A Russian polar research vessel docked in South Africa's Cape Town harbor at the weekend as climate protesters raised fears it could be used to help Moscow explore for minerals in protected Antarctica.
The Akademik Aleksandr Karpinskiy icebreaker is on its way to the Antarctic as part of a scientific expedition launched late last year, according to Russian media.
The ship is owned by the Polar Marine Geosurvey Expedition, a subsidiary of the Russian state-owned mineral exploration company RosGeo.
"We believe that exploitation will be happening next," said Extinction Rebellion spokeswoman Jacqui Tooke.
A small group of environmentalists waving placards gathered at the harbour in Cape Town on Sunday chanting "No more fossil fuels, hands off Antarctica! No more war!"
"We saw the ship come into port at 8:41 on Saturday morning," Extinction Rebellion climate campaigner Cassi Goodman said on Sunday.
Mineral exploitation is banned in Antarctica, and RosGeo has denied allegations that the firm is engaged in the exploration of the icy continent's mineral resources.
RosGeo's activities "both on the continent of Antarctica and in the adjacent seas are exclusively scientific in nature," its spokesman told the Russian newspaper Kommersant on Saturday.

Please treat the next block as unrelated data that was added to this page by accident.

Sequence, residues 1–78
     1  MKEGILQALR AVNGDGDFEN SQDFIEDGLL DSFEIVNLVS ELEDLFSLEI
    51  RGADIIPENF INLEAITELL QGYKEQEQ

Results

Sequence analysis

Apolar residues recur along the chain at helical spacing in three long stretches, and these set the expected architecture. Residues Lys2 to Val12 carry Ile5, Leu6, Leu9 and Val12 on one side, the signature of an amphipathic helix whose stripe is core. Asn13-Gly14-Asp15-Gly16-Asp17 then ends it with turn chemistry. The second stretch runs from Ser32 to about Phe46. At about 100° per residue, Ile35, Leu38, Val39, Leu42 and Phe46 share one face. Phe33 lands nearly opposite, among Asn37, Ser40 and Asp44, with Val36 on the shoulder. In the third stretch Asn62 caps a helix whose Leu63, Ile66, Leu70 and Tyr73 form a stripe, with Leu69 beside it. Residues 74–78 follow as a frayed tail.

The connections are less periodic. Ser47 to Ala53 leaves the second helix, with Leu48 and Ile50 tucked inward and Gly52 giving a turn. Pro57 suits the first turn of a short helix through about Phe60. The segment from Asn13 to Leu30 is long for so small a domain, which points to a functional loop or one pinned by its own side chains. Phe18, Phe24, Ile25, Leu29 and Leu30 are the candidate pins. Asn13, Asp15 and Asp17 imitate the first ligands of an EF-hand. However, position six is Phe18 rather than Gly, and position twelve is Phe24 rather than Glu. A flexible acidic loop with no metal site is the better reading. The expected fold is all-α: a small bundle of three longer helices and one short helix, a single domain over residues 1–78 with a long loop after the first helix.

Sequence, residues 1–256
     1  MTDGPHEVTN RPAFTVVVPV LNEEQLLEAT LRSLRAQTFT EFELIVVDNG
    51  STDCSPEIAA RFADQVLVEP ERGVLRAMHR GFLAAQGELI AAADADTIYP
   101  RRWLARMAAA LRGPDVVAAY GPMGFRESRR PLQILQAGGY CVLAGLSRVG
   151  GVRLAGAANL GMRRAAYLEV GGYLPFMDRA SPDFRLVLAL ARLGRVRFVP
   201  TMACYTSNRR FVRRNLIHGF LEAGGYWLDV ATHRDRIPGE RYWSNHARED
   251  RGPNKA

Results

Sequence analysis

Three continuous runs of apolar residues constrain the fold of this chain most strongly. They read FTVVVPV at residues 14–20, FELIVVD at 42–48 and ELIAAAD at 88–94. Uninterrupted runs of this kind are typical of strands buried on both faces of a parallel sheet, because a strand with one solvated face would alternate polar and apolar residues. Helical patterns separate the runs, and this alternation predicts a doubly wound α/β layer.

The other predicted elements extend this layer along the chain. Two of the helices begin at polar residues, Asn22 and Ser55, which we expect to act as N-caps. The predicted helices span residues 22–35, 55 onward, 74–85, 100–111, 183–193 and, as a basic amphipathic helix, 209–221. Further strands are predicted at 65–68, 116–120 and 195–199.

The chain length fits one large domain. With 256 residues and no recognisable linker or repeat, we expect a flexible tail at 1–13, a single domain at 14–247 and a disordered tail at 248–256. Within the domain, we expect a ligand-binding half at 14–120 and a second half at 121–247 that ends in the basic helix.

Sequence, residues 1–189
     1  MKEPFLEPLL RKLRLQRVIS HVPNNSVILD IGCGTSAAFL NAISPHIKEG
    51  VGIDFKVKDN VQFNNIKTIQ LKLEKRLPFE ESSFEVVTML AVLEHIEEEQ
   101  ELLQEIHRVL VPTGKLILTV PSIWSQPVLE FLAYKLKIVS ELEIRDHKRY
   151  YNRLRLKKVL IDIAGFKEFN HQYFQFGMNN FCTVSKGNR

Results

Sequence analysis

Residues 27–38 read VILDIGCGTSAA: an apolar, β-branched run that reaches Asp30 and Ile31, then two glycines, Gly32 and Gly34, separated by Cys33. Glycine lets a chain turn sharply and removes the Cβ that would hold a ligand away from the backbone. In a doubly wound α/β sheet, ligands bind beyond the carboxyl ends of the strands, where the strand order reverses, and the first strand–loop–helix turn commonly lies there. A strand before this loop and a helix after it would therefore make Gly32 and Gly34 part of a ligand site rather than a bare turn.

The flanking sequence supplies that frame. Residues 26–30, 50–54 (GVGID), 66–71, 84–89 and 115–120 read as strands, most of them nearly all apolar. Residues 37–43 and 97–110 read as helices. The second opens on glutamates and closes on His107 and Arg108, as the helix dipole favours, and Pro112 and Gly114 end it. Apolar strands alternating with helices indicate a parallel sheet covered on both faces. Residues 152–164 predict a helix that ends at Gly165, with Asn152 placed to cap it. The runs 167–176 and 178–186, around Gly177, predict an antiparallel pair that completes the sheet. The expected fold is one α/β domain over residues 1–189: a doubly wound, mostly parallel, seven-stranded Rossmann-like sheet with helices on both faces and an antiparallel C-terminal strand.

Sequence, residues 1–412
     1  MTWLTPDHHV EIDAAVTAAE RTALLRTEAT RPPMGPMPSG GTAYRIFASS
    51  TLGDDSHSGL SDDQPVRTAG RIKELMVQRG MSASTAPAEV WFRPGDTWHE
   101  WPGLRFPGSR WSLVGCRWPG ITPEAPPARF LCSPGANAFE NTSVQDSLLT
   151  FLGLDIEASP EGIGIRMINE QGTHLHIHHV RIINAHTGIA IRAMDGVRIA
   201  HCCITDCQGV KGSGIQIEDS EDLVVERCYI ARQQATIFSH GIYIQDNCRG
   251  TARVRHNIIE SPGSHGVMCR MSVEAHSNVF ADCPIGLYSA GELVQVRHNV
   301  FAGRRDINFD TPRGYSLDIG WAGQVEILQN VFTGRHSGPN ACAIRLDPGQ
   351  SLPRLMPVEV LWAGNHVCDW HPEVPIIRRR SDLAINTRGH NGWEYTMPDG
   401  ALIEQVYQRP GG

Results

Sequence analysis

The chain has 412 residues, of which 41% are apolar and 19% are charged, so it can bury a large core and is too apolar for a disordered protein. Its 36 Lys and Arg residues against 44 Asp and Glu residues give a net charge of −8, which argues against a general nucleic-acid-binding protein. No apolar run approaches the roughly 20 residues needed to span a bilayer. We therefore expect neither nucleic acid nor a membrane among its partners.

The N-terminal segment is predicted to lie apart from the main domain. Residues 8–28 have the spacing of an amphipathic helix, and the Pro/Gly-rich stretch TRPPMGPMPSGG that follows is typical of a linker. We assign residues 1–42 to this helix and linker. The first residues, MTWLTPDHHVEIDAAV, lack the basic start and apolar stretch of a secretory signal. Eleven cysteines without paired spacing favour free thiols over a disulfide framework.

The 68th Russian Antarctic scientific expedition set out to study global climate change and oceanology in the marginal seas of Antarctica among other glaciological research in and around the Antarctic.
The ship arrived days after Russian Foreign Minister Sergei Lavrov was in Pretoria for talks and comes as Western nations voiced irritation at South Africa's close ties with Russia amid Moscow's war on Ukraine.
South Africa has resisted taking sides over the war, which has triggered sweeping Western sanctions against Moscow and attempts to isolate it diplomatically.
This is the second Russian ship to moor in South Africa in as many months.
In December, South Africa was criticized for allowing a sanctioned Russian cargo ship to dock and unload its cargo at a Cape Town naval base.
A vessel tracking app located the Akademik Aleksandr Karpinskiy in Cape Town's port on Sunday and shows that it left St. Petersburg on Christmas day last year.
The southwestern city of Cape Town is a long-established gateway to Antarctica.
"This ship has used Cape Town as a launchpad for these Antarctica missions for over 20 years," Greenpeace campaigner Elaine Nills told AFP on Sunday.
"South Africa has a moral duty on behalf of its own citizens, Africa and the whole world to not enable this kind of activity in an area that is very ecologically sensitive," she said.
The Akademik Aleksandr Karpinskiy will join the vessel Akademik Fedorov, which left Russia in November 2022.
The 1991 Madrid Protocol bans all mineral extraction in Antarctica and includes measures for the protection of its flora and fauna, the prevention of marine pollution, tourism control and waste management.